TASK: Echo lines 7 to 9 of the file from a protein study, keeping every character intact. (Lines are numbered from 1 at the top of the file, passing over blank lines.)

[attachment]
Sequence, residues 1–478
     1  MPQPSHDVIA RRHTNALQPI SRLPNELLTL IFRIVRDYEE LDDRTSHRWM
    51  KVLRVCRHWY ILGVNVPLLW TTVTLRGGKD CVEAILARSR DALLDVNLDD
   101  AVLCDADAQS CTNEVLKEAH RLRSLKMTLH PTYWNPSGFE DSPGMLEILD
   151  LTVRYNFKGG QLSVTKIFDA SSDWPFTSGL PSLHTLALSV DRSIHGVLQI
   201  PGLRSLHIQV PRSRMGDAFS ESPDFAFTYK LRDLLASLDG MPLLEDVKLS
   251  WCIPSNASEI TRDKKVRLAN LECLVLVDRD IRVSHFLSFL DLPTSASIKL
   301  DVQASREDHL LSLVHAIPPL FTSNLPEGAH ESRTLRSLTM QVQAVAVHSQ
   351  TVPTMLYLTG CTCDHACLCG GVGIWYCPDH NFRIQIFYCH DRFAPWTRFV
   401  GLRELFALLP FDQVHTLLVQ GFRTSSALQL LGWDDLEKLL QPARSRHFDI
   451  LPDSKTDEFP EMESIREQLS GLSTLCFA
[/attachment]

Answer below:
   251  WCIPSNASEI TRDKKVRLAN LECLVLVDRD IRVSHFLSFL DLPTSASIKL
   301  DVQASREDHL LSLVHAIPPL FTSNLPEGAH ESRTLRSLTM QVQAVAVHSQ
   351  TVPTMLYLTG CTCDHACLCG GVGIWYCPDH NFRIQIFYCH DRFAPWTRFV